When my parents were growing up, denominations in church were as separate as denominations in currency. A $10 bill is not a $20 bill and never will be. An Anglican is not a Mennonite and never will be. When my Mennonite father married my Anglican mother in 1954, they had to choose what denominational church they would attend, and they veered to the Anglican side, but I don’t think my father ever felt at home there.
Nowadays things aren’t so cut and dried. You can attend Mennonite services that have a liturgical focus. They follow the lectionary, and their order of service has a high church sort of feel. Maybe you’ll even see vestments! You can attend Anglican churches where they have bible studies, potlucks and talk about peace and justice. Even the buildings are getting harder to tell apart. Mennonite churches with stained glass windows. Anglican churches meeting in plain spaces.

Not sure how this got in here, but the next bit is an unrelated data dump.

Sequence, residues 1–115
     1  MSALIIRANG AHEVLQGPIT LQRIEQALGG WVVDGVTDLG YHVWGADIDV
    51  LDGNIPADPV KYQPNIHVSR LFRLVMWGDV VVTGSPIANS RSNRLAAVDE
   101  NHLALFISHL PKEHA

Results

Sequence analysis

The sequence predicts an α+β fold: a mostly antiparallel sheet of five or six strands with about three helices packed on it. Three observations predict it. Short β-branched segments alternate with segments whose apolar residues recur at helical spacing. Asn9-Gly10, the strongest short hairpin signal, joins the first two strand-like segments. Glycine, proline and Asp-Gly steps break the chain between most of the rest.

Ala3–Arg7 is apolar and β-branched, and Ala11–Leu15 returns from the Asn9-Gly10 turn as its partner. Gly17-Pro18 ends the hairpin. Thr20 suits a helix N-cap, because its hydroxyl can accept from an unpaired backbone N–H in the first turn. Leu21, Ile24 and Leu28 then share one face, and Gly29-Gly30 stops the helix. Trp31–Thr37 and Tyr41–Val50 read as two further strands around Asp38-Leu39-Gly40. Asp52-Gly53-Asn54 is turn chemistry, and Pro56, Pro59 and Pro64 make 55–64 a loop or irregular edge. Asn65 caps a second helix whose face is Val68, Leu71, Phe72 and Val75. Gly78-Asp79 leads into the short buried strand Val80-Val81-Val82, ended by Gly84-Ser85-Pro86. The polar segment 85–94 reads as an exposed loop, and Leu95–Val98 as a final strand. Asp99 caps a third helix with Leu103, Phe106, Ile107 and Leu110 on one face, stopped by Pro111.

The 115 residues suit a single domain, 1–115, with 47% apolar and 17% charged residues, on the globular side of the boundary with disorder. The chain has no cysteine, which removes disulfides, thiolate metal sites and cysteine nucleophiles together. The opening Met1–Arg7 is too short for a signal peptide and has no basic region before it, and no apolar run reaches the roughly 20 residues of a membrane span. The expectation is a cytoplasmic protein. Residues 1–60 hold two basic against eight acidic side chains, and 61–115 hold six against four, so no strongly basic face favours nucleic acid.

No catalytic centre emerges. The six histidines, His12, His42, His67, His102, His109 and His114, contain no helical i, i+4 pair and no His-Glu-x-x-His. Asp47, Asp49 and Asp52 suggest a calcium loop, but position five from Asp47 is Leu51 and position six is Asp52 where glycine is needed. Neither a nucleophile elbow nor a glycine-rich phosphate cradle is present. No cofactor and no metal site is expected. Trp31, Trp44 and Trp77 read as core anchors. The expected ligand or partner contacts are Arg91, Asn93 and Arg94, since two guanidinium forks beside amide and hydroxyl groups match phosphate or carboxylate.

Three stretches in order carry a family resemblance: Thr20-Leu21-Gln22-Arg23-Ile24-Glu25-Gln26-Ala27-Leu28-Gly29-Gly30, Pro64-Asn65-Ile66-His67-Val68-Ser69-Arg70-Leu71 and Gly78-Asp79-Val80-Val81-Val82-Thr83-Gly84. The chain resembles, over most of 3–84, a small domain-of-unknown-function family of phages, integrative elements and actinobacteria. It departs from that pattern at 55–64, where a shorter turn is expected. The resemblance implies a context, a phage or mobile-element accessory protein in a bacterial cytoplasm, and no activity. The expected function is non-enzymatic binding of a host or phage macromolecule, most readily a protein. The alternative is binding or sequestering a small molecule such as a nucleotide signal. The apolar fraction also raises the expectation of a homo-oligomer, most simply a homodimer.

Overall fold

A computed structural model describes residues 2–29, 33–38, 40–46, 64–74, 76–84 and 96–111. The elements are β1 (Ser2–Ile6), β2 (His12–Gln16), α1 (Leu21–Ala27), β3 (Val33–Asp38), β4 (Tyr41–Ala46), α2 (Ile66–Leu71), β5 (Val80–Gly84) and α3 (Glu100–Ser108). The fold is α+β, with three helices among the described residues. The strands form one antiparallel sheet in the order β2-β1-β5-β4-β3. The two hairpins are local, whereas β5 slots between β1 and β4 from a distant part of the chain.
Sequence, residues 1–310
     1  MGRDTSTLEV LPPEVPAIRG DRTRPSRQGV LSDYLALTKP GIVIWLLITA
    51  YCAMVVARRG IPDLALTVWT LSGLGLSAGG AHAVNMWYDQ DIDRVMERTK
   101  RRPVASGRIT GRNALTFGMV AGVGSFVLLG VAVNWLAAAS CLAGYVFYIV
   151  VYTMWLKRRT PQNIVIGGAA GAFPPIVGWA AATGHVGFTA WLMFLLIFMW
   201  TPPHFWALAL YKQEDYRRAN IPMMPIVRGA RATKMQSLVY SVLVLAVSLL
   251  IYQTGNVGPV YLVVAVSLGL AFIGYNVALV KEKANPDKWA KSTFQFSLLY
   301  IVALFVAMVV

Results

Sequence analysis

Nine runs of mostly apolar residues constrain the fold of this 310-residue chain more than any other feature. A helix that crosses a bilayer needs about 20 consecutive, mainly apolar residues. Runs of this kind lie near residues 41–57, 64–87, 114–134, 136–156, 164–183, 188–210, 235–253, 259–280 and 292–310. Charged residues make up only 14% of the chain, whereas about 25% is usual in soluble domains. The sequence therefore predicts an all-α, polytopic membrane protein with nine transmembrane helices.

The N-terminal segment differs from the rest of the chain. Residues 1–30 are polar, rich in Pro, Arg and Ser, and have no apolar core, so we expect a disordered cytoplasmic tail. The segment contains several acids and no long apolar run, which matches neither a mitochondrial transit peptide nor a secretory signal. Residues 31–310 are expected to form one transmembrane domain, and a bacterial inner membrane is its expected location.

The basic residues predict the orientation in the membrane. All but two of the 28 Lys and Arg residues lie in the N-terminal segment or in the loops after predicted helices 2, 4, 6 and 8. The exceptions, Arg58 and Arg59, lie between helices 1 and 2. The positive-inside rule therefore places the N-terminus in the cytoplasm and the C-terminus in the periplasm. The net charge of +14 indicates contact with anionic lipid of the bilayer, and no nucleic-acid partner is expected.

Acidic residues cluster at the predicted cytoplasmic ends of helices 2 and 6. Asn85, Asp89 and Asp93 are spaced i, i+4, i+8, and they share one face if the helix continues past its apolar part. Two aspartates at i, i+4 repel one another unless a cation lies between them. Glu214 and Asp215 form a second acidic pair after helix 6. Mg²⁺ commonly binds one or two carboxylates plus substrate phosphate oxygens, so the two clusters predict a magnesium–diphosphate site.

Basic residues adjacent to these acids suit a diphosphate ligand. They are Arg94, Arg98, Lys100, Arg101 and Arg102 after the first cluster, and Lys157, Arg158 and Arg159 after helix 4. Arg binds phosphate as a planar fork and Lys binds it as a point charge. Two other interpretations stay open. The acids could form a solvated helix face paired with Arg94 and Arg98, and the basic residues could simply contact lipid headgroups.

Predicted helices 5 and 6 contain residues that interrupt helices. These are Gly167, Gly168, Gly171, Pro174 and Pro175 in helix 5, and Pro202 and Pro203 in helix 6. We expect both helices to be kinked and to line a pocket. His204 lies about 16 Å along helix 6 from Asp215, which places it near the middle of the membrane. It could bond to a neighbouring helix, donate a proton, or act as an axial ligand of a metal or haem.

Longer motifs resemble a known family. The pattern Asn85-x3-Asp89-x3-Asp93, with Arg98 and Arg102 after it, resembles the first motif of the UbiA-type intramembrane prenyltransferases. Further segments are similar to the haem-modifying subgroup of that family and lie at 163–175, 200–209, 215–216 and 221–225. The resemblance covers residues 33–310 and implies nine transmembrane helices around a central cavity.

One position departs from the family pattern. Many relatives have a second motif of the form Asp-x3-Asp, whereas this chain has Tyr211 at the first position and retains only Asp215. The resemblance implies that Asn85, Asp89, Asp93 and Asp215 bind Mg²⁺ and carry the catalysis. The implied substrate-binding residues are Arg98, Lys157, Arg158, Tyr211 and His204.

This week in the second part of our series “First Mennonite and the New Reformation”, we’re going to be talking about religionless Christianity and the trend in the new reformation for de-emphasizing denominations. How do we get rid of all the trappings and get back to Jesus? How did the followers of Jesus get back to Jesus once he wasn’t there anymore?
This week’s prayer: Jesus stand among us, in your risen power. Let this time of worship, be a hallowed hour.